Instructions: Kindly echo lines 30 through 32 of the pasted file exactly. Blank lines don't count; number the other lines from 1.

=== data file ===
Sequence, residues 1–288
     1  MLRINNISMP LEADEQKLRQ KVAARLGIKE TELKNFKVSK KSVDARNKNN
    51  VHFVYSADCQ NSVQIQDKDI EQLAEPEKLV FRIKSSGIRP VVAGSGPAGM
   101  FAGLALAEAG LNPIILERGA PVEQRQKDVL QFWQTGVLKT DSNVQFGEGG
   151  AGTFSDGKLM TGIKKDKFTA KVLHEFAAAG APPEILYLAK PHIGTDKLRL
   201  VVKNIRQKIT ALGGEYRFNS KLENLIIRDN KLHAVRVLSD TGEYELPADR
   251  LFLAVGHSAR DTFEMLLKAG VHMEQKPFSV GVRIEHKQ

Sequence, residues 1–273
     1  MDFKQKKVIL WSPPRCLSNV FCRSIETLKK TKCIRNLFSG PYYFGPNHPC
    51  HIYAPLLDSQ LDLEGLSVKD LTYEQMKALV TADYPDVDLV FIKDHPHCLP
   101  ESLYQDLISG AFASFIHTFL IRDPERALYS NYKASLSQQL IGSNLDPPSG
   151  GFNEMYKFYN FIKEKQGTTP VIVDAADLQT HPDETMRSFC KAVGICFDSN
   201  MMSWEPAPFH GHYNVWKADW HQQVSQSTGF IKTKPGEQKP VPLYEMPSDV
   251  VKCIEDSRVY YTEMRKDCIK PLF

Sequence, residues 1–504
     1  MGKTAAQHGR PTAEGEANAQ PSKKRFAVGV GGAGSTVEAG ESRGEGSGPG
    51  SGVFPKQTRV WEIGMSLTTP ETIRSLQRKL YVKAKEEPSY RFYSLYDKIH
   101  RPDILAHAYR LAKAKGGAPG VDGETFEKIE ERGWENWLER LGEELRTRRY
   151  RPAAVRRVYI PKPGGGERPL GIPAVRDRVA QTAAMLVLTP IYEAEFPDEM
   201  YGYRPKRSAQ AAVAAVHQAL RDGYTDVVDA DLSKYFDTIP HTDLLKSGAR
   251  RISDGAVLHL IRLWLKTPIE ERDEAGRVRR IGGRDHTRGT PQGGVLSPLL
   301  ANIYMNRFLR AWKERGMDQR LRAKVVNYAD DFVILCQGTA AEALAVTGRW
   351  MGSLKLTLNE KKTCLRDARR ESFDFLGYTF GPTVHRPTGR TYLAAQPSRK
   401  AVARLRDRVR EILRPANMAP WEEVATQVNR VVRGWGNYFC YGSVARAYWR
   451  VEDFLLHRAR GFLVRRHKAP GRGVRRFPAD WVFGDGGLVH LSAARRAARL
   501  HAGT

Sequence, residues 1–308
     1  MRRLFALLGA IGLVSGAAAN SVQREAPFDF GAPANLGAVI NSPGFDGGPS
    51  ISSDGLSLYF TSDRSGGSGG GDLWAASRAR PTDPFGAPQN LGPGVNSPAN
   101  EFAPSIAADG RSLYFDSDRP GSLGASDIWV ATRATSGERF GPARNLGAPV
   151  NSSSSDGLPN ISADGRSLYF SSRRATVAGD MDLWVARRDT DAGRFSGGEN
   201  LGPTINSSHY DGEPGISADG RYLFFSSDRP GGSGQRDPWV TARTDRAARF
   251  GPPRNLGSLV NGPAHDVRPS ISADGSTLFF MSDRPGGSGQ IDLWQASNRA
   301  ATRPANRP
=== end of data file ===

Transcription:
   101  EFAPSIAADG RSLYFDSDRP GSLGASDIWV ATRATSGERF GPARNLGAPV
   151  NSSSSDGLPN ISADGRSLYF SSRRATVAGD MDLWVARRDT DAGRFSGGEN
   201  LGPTINSSHY DGEPGISADG RYLFFSSDRP GGSGQRDPWV TARTDRAARF